More Heartbleed Protection: Update VMware Horizon View Client on Your Mobile Devices

The industry is still cleaning up following the news about the Heartbleed bug in OpenSSL. VMware has released updated versions of the Horizon View Client for both Android and iOS.

The easiest way to ensure you’re safe from the Heartbleed vulnerability is to check to see if there’s an update to the View Client available for your device, and if there is, install it. You can do this on Android by going to the Google Play Store and then selecting “My Apps”. On iOS, go to the App Store and select “Updates”.

If you want to be sure, here are instructions for confirming that you’re running a “Heartbleed-safe” version of the client. Continue reading

DIM Project: Smartphone Dashboard Mount

I’m currently involved in a large-ish DIM project that was taking up my driveway, is currently taking up my deck, and will, when finished, occupy space in the backyard.  I plan to write that one up when it’s complete (I hope to finish it this week), but I figured that GeekFluent’s first DIM Project posting ought to be something simpler, and something you could do today with things you might already have handy.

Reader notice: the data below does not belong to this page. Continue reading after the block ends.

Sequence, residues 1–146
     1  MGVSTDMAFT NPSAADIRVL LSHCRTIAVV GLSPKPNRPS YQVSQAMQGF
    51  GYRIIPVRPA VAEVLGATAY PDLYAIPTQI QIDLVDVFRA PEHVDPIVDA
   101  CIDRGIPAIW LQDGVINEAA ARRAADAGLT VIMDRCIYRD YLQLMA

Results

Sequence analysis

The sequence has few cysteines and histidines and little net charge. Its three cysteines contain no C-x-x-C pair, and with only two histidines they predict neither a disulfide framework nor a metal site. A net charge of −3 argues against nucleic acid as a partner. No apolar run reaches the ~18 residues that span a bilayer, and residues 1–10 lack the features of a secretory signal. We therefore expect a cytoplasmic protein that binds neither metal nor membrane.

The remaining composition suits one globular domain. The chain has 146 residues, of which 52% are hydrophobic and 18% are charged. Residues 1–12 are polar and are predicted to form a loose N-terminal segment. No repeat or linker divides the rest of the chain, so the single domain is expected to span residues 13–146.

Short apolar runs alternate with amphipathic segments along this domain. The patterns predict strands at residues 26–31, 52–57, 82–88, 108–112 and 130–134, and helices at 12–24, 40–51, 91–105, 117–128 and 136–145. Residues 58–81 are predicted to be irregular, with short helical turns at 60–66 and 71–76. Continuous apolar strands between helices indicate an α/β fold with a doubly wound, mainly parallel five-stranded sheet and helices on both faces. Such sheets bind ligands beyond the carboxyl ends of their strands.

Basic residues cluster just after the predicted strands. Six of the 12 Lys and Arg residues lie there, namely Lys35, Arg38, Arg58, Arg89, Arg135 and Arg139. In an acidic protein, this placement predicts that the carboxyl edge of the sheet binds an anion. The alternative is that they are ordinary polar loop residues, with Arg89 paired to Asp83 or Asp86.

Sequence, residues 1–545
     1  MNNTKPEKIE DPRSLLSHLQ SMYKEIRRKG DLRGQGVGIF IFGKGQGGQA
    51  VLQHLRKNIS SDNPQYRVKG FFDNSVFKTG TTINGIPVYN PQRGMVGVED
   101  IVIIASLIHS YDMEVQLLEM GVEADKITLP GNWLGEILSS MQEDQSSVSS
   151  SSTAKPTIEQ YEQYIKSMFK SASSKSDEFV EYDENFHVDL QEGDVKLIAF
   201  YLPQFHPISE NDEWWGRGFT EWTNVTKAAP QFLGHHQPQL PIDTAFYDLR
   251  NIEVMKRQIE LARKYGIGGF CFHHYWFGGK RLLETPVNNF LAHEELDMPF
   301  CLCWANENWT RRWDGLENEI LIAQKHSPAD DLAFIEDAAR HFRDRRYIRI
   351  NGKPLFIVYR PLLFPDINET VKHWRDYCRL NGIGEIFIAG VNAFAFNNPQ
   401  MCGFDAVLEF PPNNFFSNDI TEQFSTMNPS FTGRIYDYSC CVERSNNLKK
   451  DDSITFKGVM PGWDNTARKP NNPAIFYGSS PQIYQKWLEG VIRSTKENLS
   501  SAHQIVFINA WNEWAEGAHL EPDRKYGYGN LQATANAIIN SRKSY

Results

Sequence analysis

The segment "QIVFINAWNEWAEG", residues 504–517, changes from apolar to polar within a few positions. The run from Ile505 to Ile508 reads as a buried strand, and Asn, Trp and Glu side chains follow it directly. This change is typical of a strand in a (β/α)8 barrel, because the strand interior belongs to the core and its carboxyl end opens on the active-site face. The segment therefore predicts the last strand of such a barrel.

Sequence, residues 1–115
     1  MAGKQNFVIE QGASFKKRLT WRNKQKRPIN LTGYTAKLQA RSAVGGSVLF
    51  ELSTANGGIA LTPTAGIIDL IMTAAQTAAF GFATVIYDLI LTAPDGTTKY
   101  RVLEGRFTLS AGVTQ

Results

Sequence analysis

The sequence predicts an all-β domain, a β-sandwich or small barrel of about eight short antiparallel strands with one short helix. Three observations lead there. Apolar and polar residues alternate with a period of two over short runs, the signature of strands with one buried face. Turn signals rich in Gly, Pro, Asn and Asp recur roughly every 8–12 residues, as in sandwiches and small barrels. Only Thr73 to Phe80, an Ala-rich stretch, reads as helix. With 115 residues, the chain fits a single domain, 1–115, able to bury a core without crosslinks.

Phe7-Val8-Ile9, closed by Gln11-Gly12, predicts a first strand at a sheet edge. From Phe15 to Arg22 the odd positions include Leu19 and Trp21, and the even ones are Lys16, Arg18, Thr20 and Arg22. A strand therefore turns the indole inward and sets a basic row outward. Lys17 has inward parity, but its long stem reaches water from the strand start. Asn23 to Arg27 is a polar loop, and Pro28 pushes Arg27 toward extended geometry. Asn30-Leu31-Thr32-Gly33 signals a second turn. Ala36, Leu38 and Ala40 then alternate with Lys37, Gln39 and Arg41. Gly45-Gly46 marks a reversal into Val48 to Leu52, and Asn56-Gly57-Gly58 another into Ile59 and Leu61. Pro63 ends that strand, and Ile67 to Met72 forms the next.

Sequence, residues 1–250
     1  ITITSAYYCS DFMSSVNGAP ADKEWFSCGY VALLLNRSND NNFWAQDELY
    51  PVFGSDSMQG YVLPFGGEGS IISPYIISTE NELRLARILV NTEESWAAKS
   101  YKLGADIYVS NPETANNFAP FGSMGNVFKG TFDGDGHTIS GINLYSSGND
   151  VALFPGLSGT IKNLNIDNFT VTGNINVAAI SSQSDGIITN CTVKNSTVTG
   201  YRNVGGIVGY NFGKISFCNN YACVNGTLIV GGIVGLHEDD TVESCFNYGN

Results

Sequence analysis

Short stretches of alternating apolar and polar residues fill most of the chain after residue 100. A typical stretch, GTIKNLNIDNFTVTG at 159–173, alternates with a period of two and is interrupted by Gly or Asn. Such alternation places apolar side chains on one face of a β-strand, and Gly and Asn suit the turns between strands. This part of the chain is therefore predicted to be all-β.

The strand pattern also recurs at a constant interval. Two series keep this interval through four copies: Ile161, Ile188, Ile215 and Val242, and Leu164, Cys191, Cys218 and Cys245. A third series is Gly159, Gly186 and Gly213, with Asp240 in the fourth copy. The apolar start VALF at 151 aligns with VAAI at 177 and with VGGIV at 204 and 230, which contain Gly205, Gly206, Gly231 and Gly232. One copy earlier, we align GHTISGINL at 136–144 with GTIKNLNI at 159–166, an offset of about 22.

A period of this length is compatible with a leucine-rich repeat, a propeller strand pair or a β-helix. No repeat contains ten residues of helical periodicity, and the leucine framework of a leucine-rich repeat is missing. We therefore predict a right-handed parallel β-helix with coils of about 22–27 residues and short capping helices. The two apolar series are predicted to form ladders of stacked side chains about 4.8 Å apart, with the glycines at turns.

This project was inspired by an article I read on LifeHacker on one of the many, many uses for binder clips — a dashboard mount for a smartphone.  Turns out it was even easier to make than reading the instructions implied (and the instructions made it seem pretty easy).  I made this a few months ago and it’s been an incredible convenience ever since.

Since making this, I don’t ever fumble for the phone while I’m driving.  If the phone rings, I only need a quick glance to see who’s calling, and with my Bluetooth headset, it only takes me one touch to answer.  If I need directions, I can use my phone’s Navigation software without blocking any of my view through the windshield.

Continue reading

Tasker: The Android Equivalent of a Radioactive Spider-bite

If there is anything that counts as a “must-have” application for your Android phone, Tasker is it.

Tasker is the first Android app I ever paid to purchase, and is by far the most versatile I’ve seen.  I am convinced that with it, you can grant your Android the smart-phone equivalent of super-powers.

The best way I can think to describe the phenomenon that is Tasker is that it allows you automate almost anything you can do with your phone.  You do this by creating macros.  You can execute these macros manually, just like starting another application, or (and here’s where the true power of Tasker comes in) set the macros to be triggered automatically based on context.

Continue reading